The more flexibility and time you have, the better the chance you’ll find a great car deal. You’ll have a tougher time negotiating for the hot new luxury car model than you would going for a less popular model that dealers are desperate to move off the lot. Regardless of your vehicle preference, you can find the best car deal by following a few basic tactics.
Give Yourself Options
To find the best deal on a car, it helps to expand your pool of options. When shopping for a new car, compare prices at any dealership within driving distance. Area dealers should all be working from the same invoice, incentives and holdback, so play them off against each other to get the best price. Holdback refers to a payment the manufacturer sends to dealers on a periodic basis once the car is sold -- until then, it's held back. While this isn't well-publicized and varies between companies, it's typically between 2 percent and 3 percent of the dealer invoice or manufacturer's suggested retail price.
Used Car Shopping
Every used car may be slightly different, but many will likely be similar enough to meet your needs. Compare similar makes and models from area dealers in terms of mileage, condition and cost, and use them when you start your negotiations. A dealer might be more willing to negotiate the price on a used Honda Accord if you can cite other options available elsewhere. Regardless of whether you’re buying new or used, going online and shopping around can show you where the best deals are.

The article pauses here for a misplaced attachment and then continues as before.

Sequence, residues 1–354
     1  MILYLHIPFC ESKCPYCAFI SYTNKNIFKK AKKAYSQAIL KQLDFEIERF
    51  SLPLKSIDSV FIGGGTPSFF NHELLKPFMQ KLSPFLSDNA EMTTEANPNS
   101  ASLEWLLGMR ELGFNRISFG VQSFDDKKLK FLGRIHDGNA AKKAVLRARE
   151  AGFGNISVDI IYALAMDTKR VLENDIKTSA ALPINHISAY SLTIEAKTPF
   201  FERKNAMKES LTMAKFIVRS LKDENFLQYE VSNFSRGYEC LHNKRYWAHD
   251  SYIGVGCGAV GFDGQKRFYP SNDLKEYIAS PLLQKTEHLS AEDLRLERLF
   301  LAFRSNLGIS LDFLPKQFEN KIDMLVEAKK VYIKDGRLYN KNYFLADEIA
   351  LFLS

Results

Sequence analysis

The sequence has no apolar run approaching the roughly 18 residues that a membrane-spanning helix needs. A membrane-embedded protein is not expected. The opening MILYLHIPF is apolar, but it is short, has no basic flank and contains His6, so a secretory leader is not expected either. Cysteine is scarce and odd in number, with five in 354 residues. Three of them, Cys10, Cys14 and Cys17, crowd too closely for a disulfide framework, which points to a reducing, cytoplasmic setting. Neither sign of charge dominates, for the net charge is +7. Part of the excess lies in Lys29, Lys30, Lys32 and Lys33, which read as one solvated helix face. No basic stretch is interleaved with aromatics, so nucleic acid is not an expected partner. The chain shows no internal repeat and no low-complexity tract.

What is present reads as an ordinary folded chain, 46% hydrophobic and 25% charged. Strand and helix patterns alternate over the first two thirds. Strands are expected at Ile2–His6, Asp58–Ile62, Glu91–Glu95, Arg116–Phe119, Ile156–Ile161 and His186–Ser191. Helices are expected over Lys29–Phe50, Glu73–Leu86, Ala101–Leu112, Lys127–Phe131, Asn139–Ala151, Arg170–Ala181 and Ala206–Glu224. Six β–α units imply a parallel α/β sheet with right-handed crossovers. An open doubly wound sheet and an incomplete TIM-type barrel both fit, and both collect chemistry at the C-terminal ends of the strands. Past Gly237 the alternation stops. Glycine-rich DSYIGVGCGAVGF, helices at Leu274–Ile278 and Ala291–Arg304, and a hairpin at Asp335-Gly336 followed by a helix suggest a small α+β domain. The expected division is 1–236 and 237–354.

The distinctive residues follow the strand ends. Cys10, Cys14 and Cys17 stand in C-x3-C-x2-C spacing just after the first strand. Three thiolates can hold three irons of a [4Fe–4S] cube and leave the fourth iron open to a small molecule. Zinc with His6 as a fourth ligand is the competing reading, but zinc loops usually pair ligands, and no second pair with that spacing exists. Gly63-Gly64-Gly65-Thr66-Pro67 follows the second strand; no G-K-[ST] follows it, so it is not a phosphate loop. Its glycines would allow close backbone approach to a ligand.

Find the Right Price
Nobody likes to pay too much for a car, but the Internet can help you avoid paying more than others in your area. TrueCar.com provides no-haggle prices for new cars from participating dealers that you can use as an upper limit. It also tells you the range of prices being paid for the vehicle you’re looking at in your area. Kelley Blue Book offers information on the dealer invoice price, factory-to-dealer incentives and other new car data, and also provides values for used cars. Knowing what others are paying gives you a stronger negotiating position.
Go at the Right Time
You’ll have an easier time finding the best car deal if you hit the showroom at the right time. Shopping early in the week when the dealership isn’t as crowded gets you the staff’s undivided attention. Making a purchase at the end of the month or quarter can weaken the resolve of a sales manager trying to reach his target sales numbers. Buying a car at the end of the model year can leave you negotiating with someone looking to move out the old stock to make room for the new, which leads to good deals. End-of-the-year savings can be considerable as everyone in the dealership looks to earn their holiday bonuses.
Ask for Discounts
Before you sign on the dotted line, ask the dealer what discounts you might be eligible for. Some dealerships offer extra savings to military personnel or veterans. Others provide loyalty discounts if you’re buying another car of the same brand you currently drive. Mention these after you’ve agreed on the price, if possible, to make sure you get that discount taken off the final figure.
Avoid the Bait and Switch
When you agree to buy a particular car, make sure the sales rep acknowledges what you’re buying. Some will try to give you a car with options you don’t need or want and get you to pay for the extras. Don’t take add-ons such as paint protection or extended warranties, which rarely are worth the money and can be found cheaper elsewhere if you need them. This keeps you from squandering the gains that your earlier negotiations made possible.
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